Candidate: Well, some people say that every one of us has a good book inside us, but I think there are many various reasons why people write. Perhaps they have a political message, but I think that the main thing is that you just feel that you have a story to tell, perhaps you can’t not write it.
Examiner: And some people have an ambition to write, don’t they?
Examiner: What personal qualities do you think a writer needs to have?
Candidate: Well, I think the ability to be self-disciplined and to work alone, to be able to understand people, to get into the minds and hearts of other people.
Examiner: Do you think it’s something that many people could do?
Candidate: No, I don’t think so, otherwise we would all write that book.
Examiner: Could you ever write a novel?
Candidate: I’ve had a go, but it was a teenage experiment and it’s been long gathering dust.
Examiner: Yes. What about newspapers? Do you think newspapers are a good source of information?
Candidate: Providing you remain aware of the political inclinations of any particular newspaper, yes, I think it’s a good way of learning about the news, etc.
Examiner: Yes. What other information do we get from newspapers?
Candidate: Well, sport, facts and things like that, weather, and its good sort of editorial content, you know, gossip.
Examiner: Which type of newspaper do you think is best?
Candidate: I think certainly in England the broadsheet newspapers are better than the tabloid. I think you have to be aware again, that they may have their own agenda but I think a paper that’s not committed to any particular political cause.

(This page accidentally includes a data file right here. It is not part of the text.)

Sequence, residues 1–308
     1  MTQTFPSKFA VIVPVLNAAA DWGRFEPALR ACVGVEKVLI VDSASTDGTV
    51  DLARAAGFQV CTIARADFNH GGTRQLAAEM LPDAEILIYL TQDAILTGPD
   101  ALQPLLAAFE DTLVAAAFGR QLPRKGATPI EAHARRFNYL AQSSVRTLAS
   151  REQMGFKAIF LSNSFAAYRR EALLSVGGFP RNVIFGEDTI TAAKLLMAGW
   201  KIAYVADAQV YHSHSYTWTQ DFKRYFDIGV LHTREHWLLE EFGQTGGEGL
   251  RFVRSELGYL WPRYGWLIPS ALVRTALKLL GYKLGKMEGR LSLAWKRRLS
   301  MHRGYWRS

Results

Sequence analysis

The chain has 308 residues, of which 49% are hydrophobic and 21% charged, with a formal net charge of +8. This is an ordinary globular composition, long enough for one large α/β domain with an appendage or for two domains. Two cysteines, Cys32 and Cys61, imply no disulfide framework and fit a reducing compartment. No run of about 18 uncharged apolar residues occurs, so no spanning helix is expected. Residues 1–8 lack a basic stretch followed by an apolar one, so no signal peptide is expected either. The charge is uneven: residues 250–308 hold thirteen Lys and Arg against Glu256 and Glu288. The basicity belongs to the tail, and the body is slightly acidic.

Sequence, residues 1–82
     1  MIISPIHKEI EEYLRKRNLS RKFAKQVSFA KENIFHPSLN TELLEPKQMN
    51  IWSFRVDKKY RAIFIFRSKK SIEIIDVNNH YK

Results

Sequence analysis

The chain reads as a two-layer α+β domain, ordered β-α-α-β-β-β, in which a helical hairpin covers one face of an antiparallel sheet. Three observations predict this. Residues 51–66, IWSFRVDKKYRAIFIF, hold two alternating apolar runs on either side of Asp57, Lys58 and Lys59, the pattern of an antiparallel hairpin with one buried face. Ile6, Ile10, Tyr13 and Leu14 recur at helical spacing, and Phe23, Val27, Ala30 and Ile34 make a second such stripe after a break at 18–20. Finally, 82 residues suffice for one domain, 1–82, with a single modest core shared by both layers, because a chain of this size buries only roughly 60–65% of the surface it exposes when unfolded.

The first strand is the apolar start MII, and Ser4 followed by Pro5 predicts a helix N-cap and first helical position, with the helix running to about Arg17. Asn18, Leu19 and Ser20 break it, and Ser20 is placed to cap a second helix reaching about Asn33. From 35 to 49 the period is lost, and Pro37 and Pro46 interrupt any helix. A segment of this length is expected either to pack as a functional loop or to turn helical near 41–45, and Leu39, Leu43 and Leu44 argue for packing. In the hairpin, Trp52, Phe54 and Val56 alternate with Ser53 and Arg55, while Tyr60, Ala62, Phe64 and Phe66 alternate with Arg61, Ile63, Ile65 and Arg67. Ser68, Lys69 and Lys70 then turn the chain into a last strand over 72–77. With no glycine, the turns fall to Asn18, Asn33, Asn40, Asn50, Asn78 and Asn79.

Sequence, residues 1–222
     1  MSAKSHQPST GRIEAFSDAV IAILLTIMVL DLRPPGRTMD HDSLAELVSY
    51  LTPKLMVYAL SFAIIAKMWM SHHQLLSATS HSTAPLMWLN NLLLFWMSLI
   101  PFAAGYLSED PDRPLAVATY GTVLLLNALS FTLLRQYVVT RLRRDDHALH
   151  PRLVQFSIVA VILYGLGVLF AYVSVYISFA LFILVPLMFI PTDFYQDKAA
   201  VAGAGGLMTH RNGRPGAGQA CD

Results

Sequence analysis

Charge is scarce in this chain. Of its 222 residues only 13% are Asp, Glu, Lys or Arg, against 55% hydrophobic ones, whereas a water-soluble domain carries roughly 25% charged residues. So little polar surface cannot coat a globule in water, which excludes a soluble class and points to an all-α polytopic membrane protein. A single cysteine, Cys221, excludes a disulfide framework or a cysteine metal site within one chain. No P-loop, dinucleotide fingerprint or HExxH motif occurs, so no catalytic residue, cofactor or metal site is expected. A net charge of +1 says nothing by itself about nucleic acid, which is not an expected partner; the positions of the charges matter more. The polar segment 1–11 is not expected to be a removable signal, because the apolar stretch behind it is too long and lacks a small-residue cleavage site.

Examiner: Right. You need a lot of time to read the newspaper, don’t you? How often do you read a newspaper?
Candidate: I try to read the paper every day. I don’t always read the paper during the week but the paper I love to buy is on a Sunday, because so much comes with it, a great culture section, you can read about the arts and catch up on all the things that have been going on during the week, the news review section, the sport section, money section. I really enjoy the editorial on a Sunday.
Examiner: Do you think newspapers should contain illustrations? A lot of papers have cartoons in them and photographs, is that helpful?
Candidate: Yes, I think so. I think certainly they can be a sort of a powerful way to convey a story, to draw your attention to something, photographs possibly more than illustrations, although I do really enjoy cartoons.
Examiner: Right. Thank you very much, that’s the end of the Speaking test.